In the depicted embodiment, the “Up” and “Down” buttons 116, 118 may be used to shift or cycle the vertically-displayed sequence 300 a within the GUI 110 in order to bring one of the corresponding cards 200 a-e into the focus area 302. Likewise, the “Left” and “Right” buttons 120, 122 may be used to shift or cycle the horizontally-displayed sequence 300 b to bring one of the corresponding cards 200 g-k into the focus area 302.
In one implementation, bringing a card 200 from one sequence 300 into the focus area 302 will determine or change which other sequence 300 is displayed. For example, bringing the card 200 h (TV shape) from the horizontal sequence 300 b into focus may result in the vertical sequence 300 a (television programs) being displayed. Alternatively, bringing the card 200 g (envelope shape) into focus may result in a vertical sequence 300 (not shown) corresponding to e-mail messages or contacts. Likewise, bringing the card 200 i (videophone shape) into focus may result in a vertical sequence 300 of a videoconferencing buddy list, while the card 200 j (VCR shape) may display a vertical sequence 300 of television programs recorded by a PVR. In alternative embodiments, a selection from a vertical sequence 300 may affect which horizontal sequence 300 is displayed.
As shown in
In the depicted embodiment, the lower right quadrant 700 a may contain detailed information about the card 200 being displayed in the focus area 302. In the case of a card 200 representing a television program, the quadrant 700 a may display information taken from the channel number 204, channel name or identifier 206, starting time 208, running time 210, and/or text description 212 associated with the card 200.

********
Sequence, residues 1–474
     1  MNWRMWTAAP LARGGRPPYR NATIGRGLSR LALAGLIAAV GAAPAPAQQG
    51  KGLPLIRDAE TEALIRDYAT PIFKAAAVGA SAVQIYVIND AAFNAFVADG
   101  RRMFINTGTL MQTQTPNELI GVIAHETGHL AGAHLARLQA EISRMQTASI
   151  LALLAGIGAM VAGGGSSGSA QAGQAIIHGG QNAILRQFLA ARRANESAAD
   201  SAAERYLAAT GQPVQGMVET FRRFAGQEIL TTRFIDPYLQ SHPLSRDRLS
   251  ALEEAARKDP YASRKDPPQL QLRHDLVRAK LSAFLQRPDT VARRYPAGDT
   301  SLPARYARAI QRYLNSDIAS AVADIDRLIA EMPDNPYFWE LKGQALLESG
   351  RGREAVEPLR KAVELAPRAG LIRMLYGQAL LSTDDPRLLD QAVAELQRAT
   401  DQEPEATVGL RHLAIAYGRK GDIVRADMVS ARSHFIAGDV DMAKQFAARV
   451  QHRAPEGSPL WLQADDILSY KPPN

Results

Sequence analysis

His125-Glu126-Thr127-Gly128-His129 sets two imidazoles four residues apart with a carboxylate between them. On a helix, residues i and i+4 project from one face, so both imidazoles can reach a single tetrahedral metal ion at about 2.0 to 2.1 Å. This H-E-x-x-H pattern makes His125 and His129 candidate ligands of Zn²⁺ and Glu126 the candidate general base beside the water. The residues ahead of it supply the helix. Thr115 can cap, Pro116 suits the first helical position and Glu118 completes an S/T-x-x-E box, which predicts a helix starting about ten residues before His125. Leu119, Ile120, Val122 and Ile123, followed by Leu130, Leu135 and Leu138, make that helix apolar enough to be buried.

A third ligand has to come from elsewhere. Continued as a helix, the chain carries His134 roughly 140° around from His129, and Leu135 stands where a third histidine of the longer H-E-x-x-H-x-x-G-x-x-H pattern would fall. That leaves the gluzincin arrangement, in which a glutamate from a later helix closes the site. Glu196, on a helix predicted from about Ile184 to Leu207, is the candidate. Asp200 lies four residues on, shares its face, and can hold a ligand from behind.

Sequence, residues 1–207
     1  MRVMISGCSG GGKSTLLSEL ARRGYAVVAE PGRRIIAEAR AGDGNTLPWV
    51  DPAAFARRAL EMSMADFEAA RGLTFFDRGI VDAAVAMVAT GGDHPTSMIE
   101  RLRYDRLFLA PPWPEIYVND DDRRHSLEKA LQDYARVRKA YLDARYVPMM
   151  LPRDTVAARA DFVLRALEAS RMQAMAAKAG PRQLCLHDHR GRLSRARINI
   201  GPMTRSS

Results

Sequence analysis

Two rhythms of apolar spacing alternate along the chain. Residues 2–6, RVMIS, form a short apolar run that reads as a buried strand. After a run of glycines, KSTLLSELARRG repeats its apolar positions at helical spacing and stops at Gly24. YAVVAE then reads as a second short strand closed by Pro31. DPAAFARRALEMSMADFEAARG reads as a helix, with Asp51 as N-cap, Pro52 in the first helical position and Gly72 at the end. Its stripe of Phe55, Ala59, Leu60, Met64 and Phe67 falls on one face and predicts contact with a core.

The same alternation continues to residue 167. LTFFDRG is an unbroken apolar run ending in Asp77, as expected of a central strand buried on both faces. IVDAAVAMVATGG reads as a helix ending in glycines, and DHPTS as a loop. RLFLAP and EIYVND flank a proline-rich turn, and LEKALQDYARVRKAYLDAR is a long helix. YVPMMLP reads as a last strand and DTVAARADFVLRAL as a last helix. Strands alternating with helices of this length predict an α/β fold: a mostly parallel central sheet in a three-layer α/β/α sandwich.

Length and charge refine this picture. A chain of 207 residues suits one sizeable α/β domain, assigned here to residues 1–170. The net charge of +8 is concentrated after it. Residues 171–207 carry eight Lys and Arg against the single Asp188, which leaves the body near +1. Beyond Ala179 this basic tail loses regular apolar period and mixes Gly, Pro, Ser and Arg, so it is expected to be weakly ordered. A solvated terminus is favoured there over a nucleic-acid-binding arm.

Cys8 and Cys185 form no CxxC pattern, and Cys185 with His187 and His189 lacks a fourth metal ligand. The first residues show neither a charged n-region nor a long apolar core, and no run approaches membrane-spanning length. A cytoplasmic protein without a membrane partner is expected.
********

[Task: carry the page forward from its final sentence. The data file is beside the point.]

The upper right quadrant 700 b may include context-sensitive, context-insensitive, or user-targeted information. For example, in an episode of “3rd Rock from the Sun” featuring Dick Solomon driving a new BMW, a corresponding advertisement may be shown. The advertisement may be displayed in response to receipt of an ATVEF trigger, although other mechanisms may be used within the scope of the invention.
The upper left quadrant 700 c may be used for branding purposes. For instance, as shown in
Finally, the lower left quadrant 700 d may be used to display system notes and instructional text. For example, where the user is navigating a sequence 300 a of cards 200 corresponding to television programs, instructional text may be provided that prompts the user to select a television program.
The size of the quadrants 700 may vary depending, for instance, on the location of the intersection of the displayed sequences 300 a-b. If the intersection is near the center of the GUI 110, the quadrants may be equal in size; otherwise, the relative sizes of the quadrants 700 may vary.
In alternative embodiments, a single vertical or horizontal sequence 300 a-b may result in the creation of hemispheres (not shown) rather than quadrants 700. In still other embodiments, multiple vertical or horizontal sequences 300 a-b may result in the creation of any number of context-sensitive regions.